How Not to Erase Trans History

Cheryl Morgan| 5 February 2018

Gender History | Global History | LQBTQ+ History | Social History

Claude Cahun, self portrait [via Flikr].

In recent months history has been at the forefront of social media politics. One such blow-up was the debate about whether people of colour could be found the Roman Empire. There is plenty of evidence that people of colour did exist in the past, and did many amazing things. But what about trans people? Did they exist in the past, and if so how would we know?

At a first glance things don’t look hopeful. The media image of trans people is of someone magically transforming from a man into a woman with the aid of sophisticated modern medicine. Terms like Transgender, Non-Binary, and Gender Identity didn’t exist in the past, so how could anyone have “identified” as such?

The idea that trans people are characterised by full transition from one binary gender to the other has, for many decades, been pushed by the medical establishment. However, in recent years treatment protocols have become much more relaxed and patient-centred, allowing for a greater variety of identities.

It may seem that non-binary trans identities are something very new. However, a cursory glance at history will find the artist Claude Cahun openly rejecting both binary gender categories in the early 20th century. Looking beyond the history of Western cultures, the world is full of people who place themselves outside of the gender binary. Throughout South Asia, Polynesia, and various Native American cultures we find social structures allowing people to cross gender boundaries. These traditions appear to date back hundreds, if not thousands, of years.

A recent BBC radio programme, “Inside Transgender Pakistan”, highlighted the debate in Pakistan between those who embrace the Western model of full binary gender transition, and those who adhere to the traditional hijra culture, whose members see themselves more as a third gender. What we can learn from this is how trans people come to understand themselves, and their place in society, is highly culturally contextual.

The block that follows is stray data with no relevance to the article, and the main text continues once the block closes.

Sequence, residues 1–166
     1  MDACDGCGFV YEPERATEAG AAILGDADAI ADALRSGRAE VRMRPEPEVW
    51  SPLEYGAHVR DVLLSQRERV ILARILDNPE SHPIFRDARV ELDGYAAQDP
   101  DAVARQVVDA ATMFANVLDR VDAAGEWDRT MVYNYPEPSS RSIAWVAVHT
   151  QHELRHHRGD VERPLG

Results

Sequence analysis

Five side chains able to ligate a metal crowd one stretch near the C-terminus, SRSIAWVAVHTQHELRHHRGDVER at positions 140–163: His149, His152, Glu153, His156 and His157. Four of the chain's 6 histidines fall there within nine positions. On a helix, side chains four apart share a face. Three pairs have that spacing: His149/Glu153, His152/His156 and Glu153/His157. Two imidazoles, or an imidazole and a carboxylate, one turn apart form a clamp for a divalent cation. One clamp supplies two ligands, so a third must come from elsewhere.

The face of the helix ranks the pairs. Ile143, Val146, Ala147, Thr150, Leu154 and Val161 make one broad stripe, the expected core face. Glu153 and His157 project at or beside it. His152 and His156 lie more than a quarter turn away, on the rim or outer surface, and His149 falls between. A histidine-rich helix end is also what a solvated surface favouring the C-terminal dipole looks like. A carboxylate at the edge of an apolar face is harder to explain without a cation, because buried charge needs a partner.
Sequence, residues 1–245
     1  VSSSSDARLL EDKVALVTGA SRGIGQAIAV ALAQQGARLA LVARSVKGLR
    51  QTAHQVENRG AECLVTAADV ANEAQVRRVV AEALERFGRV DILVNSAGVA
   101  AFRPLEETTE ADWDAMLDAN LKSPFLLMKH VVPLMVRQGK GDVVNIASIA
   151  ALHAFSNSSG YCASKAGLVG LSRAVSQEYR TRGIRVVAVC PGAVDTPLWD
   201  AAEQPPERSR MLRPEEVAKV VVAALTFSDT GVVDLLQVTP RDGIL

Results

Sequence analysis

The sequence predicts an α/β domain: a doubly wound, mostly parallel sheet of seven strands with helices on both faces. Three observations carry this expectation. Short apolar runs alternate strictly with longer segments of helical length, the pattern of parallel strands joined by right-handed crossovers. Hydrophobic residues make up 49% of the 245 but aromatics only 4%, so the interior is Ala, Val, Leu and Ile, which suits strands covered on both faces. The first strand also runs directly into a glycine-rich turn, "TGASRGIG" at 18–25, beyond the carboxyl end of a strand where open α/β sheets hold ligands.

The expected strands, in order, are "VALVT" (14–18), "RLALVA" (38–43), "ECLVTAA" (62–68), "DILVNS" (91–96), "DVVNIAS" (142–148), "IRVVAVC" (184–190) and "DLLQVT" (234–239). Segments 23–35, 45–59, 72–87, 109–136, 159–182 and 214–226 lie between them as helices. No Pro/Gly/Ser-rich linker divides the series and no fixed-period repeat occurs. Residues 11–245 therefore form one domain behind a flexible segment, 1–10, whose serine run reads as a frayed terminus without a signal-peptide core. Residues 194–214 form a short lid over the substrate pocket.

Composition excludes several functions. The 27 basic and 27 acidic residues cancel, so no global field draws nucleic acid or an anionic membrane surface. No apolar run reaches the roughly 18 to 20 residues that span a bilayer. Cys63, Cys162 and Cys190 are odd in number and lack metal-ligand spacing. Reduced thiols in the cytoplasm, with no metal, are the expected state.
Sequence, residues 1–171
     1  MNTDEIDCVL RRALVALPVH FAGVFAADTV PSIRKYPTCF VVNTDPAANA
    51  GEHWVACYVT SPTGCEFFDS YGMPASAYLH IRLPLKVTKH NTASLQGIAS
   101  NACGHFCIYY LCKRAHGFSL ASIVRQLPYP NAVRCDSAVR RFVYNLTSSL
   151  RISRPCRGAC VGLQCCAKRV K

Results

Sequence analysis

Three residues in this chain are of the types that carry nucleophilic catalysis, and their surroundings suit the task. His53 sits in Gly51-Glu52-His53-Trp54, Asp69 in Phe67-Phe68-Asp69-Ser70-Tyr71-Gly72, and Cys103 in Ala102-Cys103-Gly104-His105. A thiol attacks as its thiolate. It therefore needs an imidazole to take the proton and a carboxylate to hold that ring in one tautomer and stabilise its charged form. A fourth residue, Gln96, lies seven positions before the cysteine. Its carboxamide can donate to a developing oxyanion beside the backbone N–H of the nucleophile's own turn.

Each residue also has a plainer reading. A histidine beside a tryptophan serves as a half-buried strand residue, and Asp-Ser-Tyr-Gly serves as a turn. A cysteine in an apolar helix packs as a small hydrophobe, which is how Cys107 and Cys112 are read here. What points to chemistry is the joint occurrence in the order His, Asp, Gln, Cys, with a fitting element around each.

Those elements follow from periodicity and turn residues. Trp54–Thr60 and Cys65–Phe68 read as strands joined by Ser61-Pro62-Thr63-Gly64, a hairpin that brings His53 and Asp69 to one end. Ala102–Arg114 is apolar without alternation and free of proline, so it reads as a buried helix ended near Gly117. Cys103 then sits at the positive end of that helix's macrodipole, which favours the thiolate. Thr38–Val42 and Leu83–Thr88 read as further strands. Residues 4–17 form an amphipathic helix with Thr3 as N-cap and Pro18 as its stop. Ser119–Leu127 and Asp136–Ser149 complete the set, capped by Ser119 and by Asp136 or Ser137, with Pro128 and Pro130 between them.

The “Caitlyn Jenner model” dictates one particular way of being trans. The existence of non-binary people shows that not all Western trans people fit this mould. (See, for example, Trans Like Me by C.N. Lester). In other cultures, a third gender model may be more acceptable, but that doesn’t preclude some individuals having a more binary-gendered understanding of themselves.

Foucault had a point when he claimed, in his History of Sexuality, that the idea of the homosexual, and its cognate, the heterosexual, are late 19th-century inventions (terms coined by Karl-Maria Kertbeny). People from the past did not talk about their “sexual orientation”. This did not preclude them from indulging in same-sex relationships.

Did people from the past who transgressed gender boundaries see themselves as having a gender other than what they were assigned at birth, even though the word “transgender” hadn’t been coined? Without testimony we can’t be certain, but we can see what others say about them. The 1st century Jewish scholar, Philo of Alexandria, talked about:

“Those of them who […] have desired to be completely changed into women and gone on to mutilate their genital organs” (On the Special Laws 3:42).

Philo is talking about the Galli: the devotees of the goddess Cybele, who underwent ritual castration and lived the rest of their lives as women. Apuleius portrays a group of Galli as what sounds to us like highly camp, sex-mad drag queens (The Golden Ass 8:26-30). Then again, Apuleius was a satirist, and any trans woman will instantly recognise his characterisation from modern TV comedy shows.